Witness at Iqaluit’s MMIWG hearing describes impacts of colonization on language, culture
“It was a feeling that we were not normal”
When Elisapee Davidee Anigmiuq was a child in federal day school in Iqaluit, she was told by her teachers that she was not allowed to speak Inuktitut. If she did speak her language, the teachers would hit her on the hands with a ruler or throw keys at her from across the room.
The lessons at the day schools were hard for Inuit children, she said. They would have to spell the word “orange” when they did not know what an orange was and would have to draw trees when they had never seen a tree.
Then she overheard a priest criticize her for not knowing how to make kamiks, and she felt the sting of feeling as if she was not good enough even within her own culture.
“It was a feeling that we were not normal. It was like we were wearing a sign that said, ‘Not good enough’ on our chest,” Davidee Anigmiuq said.
“We had to take on another life.”
Davidee Anigmiuq was the first witness at the National Inquiry into Missing and Murdered Indigenous Women hearing on Monday morning held at Iqaluit’s Frobisher Inn.
This week’s hearings, from today until Thursday, Sept. 13, are focused on the impacts of colonial violence on the Inuit of Nunavut.
Davidee Anigmiuq made a tearful apology to her children at the hearing about how, when they were growing up, she would scold them “in a very unhealthy way” for speaking English at home.
She said she didn’t know where that was coming from until many years later, when through her own personal inner work, she was able to finally understand that her anger was a result of the assimilation tactics she endured in her schooling.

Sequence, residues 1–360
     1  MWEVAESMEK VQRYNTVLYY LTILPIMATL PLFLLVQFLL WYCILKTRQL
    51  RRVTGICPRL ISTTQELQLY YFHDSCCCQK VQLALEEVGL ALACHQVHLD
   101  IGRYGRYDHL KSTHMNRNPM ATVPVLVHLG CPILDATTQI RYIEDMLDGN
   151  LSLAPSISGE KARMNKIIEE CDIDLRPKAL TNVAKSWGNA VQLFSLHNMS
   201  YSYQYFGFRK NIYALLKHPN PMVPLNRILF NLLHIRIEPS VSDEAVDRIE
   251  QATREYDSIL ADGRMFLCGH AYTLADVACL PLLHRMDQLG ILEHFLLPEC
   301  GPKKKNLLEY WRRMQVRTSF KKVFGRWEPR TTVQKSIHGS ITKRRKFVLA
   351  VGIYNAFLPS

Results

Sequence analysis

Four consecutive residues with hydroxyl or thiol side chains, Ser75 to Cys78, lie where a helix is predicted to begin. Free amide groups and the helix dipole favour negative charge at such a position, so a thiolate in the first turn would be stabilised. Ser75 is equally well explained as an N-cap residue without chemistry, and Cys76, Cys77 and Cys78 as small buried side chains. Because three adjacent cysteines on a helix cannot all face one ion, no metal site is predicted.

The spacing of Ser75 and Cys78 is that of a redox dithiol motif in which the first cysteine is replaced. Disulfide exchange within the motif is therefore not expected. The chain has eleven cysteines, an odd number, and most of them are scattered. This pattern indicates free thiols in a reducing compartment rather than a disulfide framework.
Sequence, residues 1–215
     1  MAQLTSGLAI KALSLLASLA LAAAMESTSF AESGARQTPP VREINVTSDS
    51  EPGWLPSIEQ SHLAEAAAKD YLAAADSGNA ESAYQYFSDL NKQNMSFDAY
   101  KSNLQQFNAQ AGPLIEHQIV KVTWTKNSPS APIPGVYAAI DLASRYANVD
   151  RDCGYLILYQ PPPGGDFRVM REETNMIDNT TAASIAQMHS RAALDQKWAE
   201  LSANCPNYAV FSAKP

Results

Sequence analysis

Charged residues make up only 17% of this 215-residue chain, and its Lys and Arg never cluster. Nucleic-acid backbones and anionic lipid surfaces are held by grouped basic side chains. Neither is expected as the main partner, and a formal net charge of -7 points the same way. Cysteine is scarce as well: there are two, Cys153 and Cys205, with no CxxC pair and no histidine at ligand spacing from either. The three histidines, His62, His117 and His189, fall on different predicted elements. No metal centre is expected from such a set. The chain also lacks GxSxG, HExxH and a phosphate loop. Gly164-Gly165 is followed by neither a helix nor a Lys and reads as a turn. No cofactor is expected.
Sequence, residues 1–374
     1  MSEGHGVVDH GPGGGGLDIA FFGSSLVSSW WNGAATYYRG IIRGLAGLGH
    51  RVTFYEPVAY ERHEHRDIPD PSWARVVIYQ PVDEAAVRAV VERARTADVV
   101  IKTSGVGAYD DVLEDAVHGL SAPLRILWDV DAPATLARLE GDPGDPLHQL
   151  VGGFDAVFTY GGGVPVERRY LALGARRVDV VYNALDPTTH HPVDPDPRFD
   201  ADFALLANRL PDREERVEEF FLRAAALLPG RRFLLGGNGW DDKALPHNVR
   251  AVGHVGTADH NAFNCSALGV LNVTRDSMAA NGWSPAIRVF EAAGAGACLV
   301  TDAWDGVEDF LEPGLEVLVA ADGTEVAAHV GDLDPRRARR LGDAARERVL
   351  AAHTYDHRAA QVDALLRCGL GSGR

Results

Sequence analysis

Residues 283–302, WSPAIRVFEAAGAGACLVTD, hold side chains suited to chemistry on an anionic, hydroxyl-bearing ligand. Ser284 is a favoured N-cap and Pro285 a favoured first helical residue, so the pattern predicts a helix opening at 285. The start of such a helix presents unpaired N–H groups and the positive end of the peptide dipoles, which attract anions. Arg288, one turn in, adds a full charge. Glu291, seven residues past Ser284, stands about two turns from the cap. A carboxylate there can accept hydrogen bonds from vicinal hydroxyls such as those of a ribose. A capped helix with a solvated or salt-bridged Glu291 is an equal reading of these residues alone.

“I was revenging,” Davidee Anigmiuq said. “It was me going against them telling me to not speak my language. It was coming from the deepest part of me that was damaged.”
There is a lot of low self-esteem and people who don’t know their identity, Davidee Anigmiuq told the commissioners, due to the day schools and residential schools in Nunavut between the 1950s and 1970s.
It is for that reason that she has been working with Tukisigiarvik, a community centre that develops cultural programs and teaches traditional skills, including kamik-making workshops, and provides Inuktitut lessons, to help promote cultural healing.
In addition to that, the community centre works with the homeless and near-homeless individuals, as well as providing resources for single women to get back on the land.
Years ago, when Davidee Anigmiuq realized that there was no support to help single women go out on the land, she started a program through the centre to help them get out in the wilderness again.
She said one woman had told her she had not taken a canoe ride since her husband had died. It was about 20 years earlier.
Davidee Anigmiuq said the programs she has developed at Tukisigiarvik have “come back full circle.”
“Hundreds and hundreds of women are learning to make kamiks through this program,” Davidee Anigmiuq said.
“It is all about lifting each other up and gaining strength through our culture.”